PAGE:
UAB backs down, but First Liberty isn't done

Friday, June 4, 2021
 | 
Bob Kellogg (OneNewsNow.com)

gavel with Bible 1A University of Alabama-Birmingham (UAB) student was not permitted to register for her sophomore year until a religious rights legal organization stepped in.

Jackie Gale, who has attended Alabama public schools since moving to Alabama in the second grade and received from the Alabama state health department a religious exemption card that excuses her from the state's vaccine requirements for K-12 public students, has never been vaccinated in her life. She was allowed to attend her freshman year of college, but then the school said she was expected to meet state vaccination requirements before continuing her education there.

Attorney Christine Pratt of First Liberty Institute says exemptions are made for medical or other reasons, but not for religion.

"If you're going to allow some people not to be vaccinated, which is perfectly reasonable, by the way, the reason for it shouldn't matter," Pratt submits. "You should treat religious people the same as you treat anyone else."

Pratt

After receiving a demand letter from First Liberty, UAB decided to allow Gale to register. Even so, Pratt says the matter is not closed.

"We are continuing to have ongoing discussions with the university, because they don't say anywhere on their website anything at all about religious exemptions," the attorney explains.

In its demand letter, First Liberty pointed out that a policy mandating vaccinations violates both Alabama's Constitution and the U.S. Constitution. Thus, the letter argues, UAB's policy "triggers, and subsequently fails, strict scrutiny under recent Supreme Court precedent interpreting the Free Exercise Clause" [and] "impermissibly burdens Gale's religious exercise" under the state's Religious Freedom Amendment.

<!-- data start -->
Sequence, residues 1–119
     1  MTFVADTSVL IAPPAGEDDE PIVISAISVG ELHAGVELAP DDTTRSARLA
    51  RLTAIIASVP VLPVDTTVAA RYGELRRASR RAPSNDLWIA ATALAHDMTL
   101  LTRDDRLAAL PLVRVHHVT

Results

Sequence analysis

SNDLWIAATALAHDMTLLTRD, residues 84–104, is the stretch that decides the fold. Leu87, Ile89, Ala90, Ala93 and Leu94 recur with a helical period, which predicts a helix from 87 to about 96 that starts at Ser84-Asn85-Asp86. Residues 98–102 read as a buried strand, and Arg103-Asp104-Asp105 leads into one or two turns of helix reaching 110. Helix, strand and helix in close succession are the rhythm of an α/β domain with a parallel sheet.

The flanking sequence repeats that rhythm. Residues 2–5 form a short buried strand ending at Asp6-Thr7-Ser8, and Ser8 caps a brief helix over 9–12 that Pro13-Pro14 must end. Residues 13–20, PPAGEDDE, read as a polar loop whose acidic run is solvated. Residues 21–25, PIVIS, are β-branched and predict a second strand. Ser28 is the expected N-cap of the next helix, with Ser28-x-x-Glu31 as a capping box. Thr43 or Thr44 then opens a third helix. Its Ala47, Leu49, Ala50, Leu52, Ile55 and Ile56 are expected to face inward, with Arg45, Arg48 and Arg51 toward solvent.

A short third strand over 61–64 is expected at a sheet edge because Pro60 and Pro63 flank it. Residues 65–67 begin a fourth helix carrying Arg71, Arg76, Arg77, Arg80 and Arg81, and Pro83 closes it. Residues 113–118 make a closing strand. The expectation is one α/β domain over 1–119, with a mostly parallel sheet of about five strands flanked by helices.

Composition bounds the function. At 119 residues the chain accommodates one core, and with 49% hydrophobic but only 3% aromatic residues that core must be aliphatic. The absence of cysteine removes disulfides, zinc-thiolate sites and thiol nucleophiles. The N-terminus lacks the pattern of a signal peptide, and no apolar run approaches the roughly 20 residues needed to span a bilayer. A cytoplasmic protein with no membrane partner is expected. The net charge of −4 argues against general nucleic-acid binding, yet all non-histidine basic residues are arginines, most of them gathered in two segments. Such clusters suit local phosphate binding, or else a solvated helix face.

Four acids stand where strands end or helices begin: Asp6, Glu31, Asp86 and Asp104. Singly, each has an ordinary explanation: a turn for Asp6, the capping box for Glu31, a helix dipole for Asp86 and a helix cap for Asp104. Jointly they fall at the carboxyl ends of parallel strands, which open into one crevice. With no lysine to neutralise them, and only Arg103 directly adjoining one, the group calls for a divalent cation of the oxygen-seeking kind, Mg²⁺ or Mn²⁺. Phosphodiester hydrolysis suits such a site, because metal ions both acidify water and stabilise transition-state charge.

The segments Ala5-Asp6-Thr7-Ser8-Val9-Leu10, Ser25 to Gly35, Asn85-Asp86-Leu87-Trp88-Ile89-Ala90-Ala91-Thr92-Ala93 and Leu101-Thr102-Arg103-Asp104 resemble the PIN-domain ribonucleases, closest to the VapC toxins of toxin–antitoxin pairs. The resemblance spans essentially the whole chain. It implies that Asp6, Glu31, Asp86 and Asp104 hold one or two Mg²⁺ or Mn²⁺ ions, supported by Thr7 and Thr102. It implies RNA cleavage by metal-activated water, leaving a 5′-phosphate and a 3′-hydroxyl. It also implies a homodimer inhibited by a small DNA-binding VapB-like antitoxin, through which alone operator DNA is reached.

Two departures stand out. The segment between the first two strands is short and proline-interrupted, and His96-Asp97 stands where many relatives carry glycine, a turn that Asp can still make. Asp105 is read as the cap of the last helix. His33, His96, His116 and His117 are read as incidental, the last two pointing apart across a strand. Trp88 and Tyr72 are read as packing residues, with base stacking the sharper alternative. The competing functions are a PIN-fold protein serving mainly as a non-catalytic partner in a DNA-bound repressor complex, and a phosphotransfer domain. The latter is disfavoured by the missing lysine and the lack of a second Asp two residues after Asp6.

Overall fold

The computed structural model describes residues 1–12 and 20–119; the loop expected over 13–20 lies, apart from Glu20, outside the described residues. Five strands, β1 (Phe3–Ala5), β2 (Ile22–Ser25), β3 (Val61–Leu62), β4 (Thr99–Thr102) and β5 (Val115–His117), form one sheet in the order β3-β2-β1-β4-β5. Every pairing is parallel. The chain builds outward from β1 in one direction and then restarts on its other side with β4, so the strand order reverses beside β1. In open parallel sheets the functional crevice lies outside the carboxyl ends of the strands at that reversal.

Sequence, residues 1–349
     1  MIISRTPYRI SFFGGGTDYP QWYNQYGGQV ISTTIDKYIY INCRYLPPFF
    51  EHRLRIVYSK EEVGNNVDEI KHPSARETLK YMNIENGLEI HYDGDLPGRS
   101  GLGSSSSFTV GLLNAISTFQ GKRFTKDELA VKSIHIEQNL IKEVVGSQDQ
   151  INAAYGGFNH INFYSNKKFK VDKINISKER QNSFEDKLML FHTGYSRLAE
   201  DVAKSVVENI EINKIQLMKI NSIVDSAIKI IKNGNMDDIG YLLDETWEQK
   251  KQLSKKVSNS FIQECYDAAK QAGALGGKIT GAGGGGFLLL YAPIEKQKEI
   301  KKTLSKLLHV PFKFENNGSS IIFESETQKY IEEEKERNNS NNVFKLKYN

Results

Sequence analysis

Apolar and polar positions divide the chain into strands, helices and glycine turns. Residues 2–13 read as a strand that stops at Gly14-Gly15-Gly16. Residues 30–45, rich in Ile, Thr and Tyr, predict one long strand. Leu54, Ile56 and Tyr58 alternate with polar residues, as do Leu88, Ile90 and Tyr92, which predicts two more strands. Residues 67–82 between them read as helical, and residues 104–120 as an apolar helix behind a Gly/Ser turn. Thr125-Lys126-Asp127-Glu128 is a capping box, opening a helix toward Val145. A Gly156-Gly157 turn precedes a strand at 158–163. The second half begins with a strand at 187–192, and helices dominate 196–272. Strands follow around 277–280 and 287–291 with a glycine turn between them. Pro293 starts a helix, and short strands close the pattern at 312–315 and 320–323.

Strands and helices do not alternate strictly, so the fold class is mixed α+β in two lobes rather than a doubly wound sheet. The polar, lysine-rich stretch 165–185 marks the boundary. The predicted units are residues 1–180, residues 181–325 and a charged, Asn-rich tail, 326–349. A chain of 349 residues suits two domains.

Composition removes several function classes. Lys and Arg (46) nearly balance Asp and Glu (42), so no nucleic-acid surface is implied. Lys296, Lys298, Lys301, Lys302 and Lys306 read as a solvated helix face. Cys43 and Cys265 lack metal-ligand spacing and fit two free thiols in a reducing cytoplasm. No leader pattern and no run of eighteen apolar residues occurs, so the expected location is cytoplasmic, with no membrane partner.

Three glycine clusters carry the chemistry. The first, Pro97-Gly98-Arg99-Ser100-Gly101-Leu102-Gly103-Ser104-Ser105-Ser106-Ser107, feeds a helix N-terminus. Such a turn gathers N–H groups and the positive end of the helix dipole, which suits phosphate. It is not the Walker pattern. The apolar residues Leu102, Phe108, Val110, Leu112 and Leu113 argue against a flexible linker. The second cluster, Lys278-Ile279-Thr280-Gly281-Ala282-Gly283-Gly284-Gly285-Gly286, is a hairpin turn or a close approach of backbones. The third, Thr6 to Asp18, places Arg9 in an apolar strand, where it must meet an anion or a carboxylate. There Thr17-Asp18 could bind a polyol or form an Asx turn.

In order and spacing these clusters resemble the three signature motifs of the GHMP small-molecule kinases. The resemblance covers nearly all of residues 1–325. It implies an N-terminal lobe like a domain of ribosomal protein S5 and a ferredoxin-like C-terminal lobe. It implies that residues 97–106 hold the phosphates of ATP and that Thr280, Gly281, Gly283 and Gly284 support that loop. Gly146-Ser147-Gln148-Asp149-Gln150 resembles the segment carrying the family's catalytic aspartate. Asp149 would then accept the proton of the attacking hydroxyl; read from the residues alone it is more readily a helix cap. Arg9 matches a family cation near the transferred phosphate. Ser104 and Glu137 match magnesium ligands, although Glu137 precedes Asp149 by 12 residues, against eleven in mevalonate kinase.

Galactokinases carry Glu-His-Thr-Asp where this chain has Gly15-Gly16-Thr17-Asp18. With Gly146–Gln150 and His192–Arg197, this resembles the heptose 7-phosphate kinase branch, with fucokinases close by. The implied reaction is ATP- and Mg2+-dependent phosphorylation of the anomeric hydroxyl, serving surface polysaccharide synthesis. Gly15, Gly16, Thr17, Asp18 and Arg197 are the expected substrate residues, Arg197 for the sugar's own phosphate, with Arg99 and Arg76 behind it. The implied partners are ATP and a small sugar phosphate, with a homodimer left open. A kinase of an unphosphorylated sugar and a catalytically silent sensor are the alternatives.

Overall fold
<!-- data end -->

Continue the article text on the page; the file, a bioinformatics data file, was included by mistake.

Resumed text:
Comments

We moderate all reader comments, usually within 24 hours of posting (longer on weekends). Please limit your comment to 300 words or less and ensure it addresses the article - NOT another reader's comments. Comments that contain a link (URL), an inordinate number of words in ALL CAPS, rude remarks directed at other readers, or profanity/vulgarity will not be approved. More details

SIGN UP FOR OUR DAILY NEWS BRIEF

FEATURED PODCAST

VOTE IN OUR POLL

Which high-profile GOP senator would you choose to replace Mitch McConnell?

CAST YOUR VOTE

GET PUSH NOTIFICATIONS

SUBSCRIBE

LATEST AP HEADLINES

Hard-line judiciary head wins Iran presidency as turnout low
Opioid abuse up during pandemic, expert tells Utah County
Editor, CEO denied bail in Apple Daily case in Hong Kong
US Catholic bishops OK steps toward possible rebuke of Biden
3 dead, 2 missing after tubers go over North Carolina dam
Gulf coast braces for tropical storm with heavy rain

LATEST FROM THE WEB

Texas Gov. Abbott fulfills promise, vetoes state legislature funding
Major cities ‘refund the police’ as crime skyrockets and businesses backfire
Atlanta's proposed police training facility ignites protests, activists go to city council member’s house
Entire Portland police riot squad resigns after officer charged
School urges students to report peers, teachers for 'microaggressions'

CARTOON OF THE DAY

Cartoon of the Day
NEXT STORY
Could the Philly ruling help First Amendment fight?

U.S. Supreme Court w/ flagA U.S. Supreme Court ruling that sided with a Catholic organization could help other Christian plaintiffs and defendants preserve their First Amendment rights, says an attorney familiar with all of those court battles.